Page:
Across the globe, organizational leaders are facing a “deluge of data.” In the U.S. intelligence community, in particular, the ability to collect, analyze, understand and leverage this massive influx of data is the key to achieving information dominance and staying ahead of our close competitors — and our adversaries.
La’Naia Jones, the Central Intelligence Agency’s chief information officer, said the constant onslaught of data is only a “small fraction” of what organizations could see in the future. Consequently, the ability to effectively harness this exponentially increasing amount of data is the “next big milestone” for the intelligence community, according to Jones.
“How can we prepare ourselves for being able to normalize, rationalize and understand these large, expansive amounts of data and be able to use that?” Jones posed to a virtual audience during GovCon Wire’s Second Annual Defense and Intelligence: IT Modernization Forum.
Jones cited data and automation as a high priority area for her as CIO — a role which she assumed in March 2022 after serving as the National Security Agency’s deputy CIO and as NSA’s information sharing and safeguarding executive.
In her remarks, Jones referred to the talent shortage plaguing the government contracting landscape as a major reason why the IC should be focusing more on how it can maximize the data and resources which are already available.
“We’re all competing for talent. We’re all competing for resources, whether it be financial or whether it be individuals,” Jones shared. “How can we look at the data that we have, make smart decisions… and automate where and when possible to be able to do more?”
While data is a major focal point for Jones in the future of the CIA, cybersecurity tops the CIO’s current priority list as the security threats facing the IC continue to rise.
“First and foremost, I look at security, and I look at it from the lens of what’s most vulnerable, which are things that may be at the lower classified domains,” revealed Jones. “There’s a ton of data and information, especially in the post-pandemic or in the new operating environment. I worry about how that data and information is being harnessed, being collected, analyzed by our adversaries. What are we doing to ensure that it’s not being used against us?”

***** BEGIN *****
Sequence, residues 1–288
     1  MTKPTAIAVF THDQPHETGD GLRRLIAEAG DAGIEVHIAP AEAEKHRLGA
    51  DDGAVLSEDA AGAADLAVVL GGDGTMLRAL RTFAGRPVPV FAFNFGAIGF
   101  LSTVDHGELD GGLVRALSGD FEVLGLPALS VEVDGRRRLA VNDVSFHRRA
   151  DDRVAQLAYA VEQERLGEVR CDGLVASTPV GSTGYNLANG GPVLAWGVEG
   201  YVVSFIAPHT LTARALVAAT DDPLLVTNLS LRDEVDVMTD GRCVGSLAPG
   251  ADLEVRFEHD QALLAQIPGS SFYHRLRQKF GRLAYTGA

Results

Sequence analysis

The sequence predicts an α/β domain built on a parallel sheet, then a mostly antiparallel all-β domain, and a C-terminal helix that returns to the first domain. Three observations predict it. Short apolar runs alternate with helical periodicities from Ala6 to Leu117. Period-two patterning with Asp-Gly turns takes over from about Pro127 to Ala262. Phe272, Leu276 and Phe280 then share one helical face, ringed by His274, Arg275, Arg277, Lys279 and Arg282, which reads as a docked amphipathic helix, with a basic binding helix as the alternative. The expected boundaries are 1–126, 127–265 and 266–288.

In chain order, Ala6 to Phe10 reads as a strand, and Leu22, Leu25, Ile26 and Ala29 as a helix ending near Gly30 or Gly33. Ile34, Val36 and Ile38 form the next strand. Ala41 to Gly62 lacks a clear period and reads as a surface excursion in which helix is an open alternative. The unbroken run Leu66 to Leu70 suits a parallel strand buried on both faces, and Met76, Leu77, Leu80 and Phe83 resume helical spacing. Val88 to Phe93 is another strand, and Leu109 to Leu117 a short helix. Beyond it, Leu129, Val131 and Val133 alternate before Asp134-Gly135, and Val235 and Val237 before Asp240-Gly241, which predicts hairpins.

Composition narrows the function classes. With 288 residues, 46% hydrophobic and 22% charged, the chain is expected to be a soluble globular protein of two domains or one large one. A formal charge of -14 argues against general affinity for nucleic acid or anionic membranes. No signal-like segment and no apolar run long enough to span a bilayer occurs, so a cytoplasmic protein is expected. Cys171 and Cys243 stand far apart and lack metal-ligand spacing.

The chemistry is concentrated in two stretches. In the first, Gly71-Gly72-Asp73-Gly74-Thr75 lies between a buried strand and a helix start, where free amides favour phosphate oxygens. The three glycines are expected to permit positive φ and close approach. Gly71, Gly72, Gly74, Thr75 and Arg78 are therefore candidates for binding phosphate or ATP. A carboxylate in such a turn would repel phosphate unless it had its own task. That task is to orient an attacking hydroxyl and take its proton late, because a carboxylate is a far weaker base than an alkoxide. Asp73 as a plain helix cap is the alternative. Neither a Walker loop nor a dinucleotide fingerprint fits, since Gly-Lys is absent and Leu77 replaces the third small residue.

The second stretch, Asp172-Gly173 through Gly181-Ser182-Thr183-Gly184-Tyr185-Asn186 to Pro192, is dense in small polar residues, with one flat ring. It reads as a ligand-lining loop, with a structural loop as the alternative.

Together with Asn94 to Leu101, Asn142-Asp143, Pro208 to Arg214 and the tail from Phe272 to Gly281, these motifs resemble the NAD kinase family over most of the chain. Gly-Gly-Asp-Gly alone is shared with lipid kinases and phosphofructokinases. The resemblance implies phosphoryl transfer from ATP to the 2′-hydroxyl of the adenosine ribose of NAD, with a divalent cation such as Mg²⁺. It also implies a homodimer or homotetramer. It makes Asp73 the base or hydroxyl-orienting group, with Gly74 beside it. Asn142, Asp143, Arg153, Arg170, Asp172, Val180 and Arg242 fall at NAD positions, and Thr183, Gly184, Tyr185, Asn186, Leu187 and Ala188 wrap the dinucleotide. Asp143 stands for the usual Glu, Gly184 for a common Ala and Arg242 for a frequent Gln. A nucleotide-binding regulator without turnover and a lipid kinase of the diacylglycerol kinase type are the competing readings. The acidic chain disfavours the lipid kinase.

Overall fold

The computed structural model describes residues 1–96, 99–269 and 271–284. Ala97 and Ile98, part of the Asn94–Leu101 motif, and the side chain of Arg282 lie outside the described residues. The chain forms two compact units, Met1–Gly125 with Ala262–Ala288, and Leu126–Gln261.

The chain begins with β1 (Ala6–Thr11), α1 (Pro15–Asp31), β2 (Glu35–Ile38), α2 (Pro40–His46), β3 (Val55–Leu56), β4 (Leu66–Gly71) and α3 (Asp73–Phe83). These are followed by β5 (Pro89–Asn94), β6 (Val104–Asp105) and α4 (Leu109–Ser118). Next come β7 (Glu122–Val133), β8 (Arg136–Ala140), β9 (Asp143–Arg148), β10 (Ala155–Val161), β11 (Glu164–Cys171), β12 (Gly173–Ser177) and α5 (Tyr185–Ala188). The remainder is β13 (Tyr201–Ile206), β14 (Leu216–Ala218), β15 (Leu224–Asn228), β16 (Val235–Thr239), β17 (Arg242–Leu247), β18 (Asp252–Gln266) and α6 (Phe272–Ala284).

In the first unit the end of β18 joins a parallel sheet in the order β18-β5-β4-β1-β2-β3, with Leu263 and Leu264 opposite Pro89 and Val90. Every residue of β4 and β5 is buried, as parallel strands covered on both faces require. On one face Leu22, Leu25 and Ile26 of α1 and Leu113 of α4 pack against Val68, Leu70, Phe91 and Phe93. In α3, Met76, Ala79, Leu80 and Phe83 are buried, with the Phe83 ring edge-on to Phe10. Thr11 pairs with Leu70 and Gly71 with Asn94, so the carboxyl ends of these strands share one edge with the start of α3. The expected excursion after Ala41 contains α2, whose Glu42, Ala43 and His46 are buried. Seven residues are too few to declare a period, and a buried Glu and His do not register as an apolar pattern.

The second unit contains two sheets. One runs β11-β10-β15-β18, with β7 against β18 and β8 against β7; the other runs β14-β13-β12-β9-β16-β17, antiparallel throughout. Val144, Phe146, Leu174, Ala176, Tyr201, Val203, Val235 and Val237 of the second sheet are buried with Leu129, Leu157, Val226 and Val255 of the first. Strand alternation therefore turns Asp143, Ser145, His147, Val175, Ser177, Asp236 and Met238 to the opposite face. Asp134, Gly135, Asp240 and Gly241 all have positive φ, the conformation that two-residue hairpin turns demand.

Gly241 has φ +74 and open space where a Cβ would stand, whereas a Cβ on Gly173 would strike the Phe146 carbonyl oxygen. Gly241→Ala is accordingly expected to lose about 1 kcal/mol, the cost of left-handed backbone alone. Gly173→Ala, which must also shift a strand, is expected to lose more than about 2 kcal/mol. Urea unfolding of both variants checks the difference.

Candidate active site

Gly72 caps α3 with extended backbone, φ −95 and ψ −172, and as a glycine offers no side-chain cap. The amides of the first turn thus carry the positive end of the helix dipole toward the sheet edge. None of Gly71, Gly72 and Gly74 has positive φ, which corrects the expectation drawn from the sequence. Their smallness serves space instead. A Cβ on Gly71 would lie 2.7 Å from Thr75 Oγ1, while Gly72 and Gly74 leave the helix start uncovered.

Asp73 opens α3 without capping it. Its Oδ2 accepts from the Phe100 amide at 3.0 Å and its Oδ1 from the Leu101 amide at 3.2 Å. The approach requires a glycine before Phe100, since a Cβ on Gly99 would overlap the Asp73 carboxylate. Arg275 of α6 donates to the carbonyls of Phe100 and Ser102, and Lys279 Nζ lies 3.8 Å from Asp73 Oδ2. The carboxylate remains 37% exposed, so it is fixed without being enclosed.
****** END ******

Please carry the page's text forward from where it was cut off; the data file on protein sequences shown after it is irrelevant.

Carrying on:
Throughout her decades-long tenure in the IC thus far, Jones has noticed a significant and much-needed shift in the way agencies approach security. She shared that just within the CIA, cybersecurity has become an enterprise-wide effort, not just something handled by IT, and it has also grown into a foundational component of the national security mission instead of just an afterthought.
“I think previously, we looked at security as almost a bolt-on. I’m proud to say that I think that methodology and mentality has changed,” she said, highlighting National Security Memorandum 8, which the CIA contributed to, as a key catalyst in the agency’s new approach to security.
Meanwhile, the CIA is picking up steam in its understanding and use of the cloud. The agency is now embracing new digital tools and looking at what it can — and should — transition to the cloud, as part of the agency’s Commercial Cloud Enterprise, or C2E, contract.
“When we first started the cloud journey, it was very much self-taught, and we learned as we moved along,” said Jones. “Now, where we are as far as working with C2E and just the build up of the AI/ML, there’s a lot of cognitive tools and a lot of capabilities that we just didn’t have in the realm of the possible eight years ago.”
Jones shared that the CIA also has insights it didn’t have just a few years ago, and the agency is now much better equipped to answer questions like, “Are these applications cloud native or cloud ready? Would they be optimized in the cloud? Is this an efficient way to use our resources?”
Learn more about how other federal agencies are transitioning to the cloud, and how defense leaders are adapting their acquisition processes to meet the challenges and needs of the digital world during GovCon Wire’s 3rd Annual Defense Digital Acquisition and Innovation Forum on Nov. 2. Register here.